The 2014 Chase for the NASCAR Sprint Cup championship is shaping up already, with two drivers firmly in the field. Kevin Harvick’s convincing win at Phoenix for his new team put him alongside Daytona winner Dale Earnhardt Jr. as a Chase contender. NASCAR’s tweaking of the championship format, where a race win qualifies a driver for the Chase, is based on a 10-year history. By expanding the field to 16 drivers, NASCAR used statistics from previous Chase seasons. Only once since 2004 have more than 16 drivers scored a race win during the season; that was 2011, when 17 drivers won at least one race. Only 12 drivers won in 2008, the lowest number of winners. So the likelihood that a race winner won’t make the Chase is extremely slight. In fact, there is a much greater probability that some drivers will make the Chase on points without a victory. NASCAR visits Las Vegas Motor Speedway this weekend, with all the Sprint Cup competitors vying to be the next addition to the Chase field.
It has been 10 years since a driver has attempted the Memorial Day “double” of the Indy 500 and Coca-Cola 600 at Charlotte, but Kurt Busch announced that he will participate in his first Indy 500 in an Andretti Autosport car, followed by the 600 later in the day. The last driver to attempt the feat was Robby Gordon in 2004, and he abandoned Indy race during a rain delay to fly to Charlotte for the Cup race. Back in the late 1960s and early 1970s, a number of NASCAR drivers traveled north to test their skills in the open-wheeled Indy cars. It was easier in those days, because the two races were run on different dates. In 1967 Cale Yarborough was the first driver to compete in both races. Donnie Allison scored the best combined finish in 1970, winning at Charlotte and taking fourth at Indy. Lee Roy Yarbrough and Jerry Grant also ran both races in the late 1960s. John Andretti managed the feat in 1994, and Tony Stewart ran both events in 1999 and 2001.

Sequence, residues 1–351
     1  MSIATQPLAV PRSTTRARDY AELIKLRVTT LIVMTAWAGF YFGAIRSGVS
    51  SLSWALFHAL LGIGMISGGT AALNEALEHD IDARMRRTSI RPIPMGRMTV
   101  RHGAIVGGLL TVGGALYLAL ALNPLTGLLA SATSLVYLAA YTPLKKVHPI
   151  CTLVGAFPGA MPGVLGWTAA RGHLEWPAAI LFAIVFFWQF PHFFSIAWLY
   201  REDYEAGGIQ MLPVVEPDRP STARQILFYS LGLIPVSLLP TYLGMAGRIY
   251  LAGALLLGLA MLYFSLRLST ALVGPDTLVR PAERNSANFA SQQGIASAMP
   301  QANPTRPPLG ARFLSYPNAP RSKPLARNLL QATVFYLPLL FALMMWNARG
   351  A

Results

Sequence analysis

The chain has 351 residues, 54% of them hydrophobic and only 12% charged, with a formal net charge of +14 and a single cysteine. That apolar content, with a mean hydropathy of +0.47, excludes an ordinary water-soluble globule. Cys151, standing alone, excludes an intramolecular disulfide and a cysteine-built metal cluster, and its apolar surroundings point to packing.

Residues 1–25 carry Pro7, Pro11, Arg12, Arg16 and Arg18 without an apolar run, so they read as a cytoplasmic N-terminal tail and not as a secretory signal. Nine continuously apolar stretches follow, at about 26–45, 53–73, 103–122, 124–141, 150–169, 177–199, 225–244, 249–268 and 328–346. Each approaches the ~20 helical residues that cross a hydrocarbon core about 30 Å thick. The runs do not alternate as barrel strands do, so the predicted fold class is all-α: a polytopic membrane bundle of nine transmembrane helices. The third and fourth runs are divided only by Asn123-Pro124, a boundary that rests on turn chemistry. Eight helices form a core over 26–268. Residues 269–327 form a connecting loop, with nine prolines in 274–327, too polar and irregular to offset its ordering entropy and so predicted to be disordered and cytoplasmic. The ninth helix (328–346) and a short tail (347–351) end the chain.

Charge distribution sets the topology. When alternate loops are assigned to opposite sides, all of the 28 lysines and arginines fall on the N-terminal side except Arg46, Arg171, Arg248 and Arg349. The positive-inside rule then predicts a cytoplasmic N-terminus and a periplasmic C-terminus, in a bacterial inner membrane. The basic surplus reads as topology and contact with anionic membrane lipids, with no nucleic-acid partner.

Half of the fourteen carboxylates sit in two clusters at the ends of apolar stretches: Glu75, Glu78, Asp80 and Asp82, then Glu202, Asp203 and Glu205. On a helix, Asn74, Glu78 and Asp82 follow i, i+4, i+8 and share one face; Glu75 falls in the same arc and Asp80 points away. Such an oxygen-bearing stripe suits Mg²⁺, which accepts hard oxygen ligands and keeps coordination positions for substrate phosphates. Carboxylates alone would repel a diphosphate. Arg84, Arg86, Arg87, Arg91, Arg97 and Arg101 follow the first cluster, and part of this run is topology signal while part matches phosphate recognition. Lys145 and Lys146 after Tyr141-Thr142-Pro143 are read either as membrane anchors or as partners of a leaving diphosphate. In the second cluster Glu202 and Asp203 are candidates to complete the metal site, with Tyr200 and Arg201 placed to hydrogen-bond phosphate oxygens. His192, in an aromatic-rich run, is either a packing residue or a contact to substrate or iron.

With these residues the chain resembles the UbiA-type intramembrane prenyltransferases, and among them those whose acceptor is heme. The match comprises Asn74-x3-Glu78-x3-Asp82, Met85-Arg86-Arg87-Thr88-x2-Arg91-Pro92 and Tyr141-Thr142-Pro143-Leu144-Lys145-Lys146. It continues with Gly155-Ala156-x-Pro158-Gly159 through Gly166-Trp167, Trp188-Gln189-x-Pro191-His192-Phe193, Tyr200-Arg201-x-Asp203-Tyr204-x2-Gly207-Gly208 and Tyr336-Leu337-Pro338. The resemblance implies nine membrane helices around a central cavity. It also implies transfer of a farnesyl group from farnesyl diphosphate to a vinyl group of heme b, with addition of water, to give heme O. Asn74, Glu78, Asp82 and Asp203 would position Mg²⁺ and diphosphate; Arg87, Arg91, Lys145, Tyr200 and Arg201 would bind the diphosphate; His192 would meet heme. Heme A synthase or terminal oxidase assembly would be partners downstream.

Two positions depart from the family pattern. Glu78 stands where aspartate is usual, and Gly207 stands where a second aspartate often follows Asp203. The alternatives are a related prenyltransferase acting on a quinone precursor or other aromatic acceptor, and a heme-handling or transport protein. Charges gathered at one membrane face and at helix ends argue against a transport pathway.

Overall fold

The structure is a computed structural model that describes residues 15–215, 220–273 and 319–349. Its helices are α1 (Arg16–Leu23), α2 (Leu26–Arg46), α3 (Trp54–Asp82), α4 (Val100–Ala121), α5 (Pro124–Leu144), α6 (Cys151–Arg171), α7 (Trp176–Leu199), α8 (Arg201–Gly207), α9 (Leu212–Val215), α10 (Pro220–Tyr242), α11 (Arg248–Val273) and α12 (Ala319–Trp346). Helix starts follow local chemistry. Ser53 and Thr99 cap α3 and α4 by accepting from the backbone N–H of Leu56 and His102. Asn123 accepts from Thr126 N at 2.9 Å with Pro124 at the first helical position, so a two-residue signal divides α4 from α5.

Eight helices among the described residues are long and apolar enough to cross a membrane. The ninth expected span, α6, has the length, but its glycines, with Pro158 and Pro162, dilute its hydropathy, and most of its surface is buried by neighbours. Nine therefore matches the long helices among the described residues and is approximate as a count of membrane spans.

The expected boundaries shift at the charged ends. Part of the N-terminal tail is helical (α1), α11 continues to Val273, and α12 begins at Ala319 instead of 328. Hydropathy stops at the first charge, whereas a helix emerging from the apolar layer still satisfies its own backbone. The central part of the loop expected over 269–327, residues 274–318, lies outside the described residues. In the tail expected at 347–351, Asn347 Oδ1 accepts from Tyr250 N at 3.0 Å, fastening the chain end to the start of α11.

The Formula 1 season begins in Australia next weekend. The new technical regulations should make it the most interesting season opener in many years. We could see a first-time winner, or it could be business as usual, with Red Bull, Ferrari, and Mercedes dominating the season. Pre-season testing revealed some serious problems with the new Renault powerplant, which could affect four teams; Red Bull, Toro Rosso, Lotus, and Caterham all use Renault engines. The manufacturer has been working frantically to resolve both hardware and software problems, but the Renault-powered teams may have issues in Australia.
Locally, we’re only three weeks away from the season opener at Fernley 95A Speedway. And Carson City’s Mackena Bell will run her third K&N Pro Series East event of the year at Bristol next weekend in conjunction with the Sprint Cup and Nationwide series races there.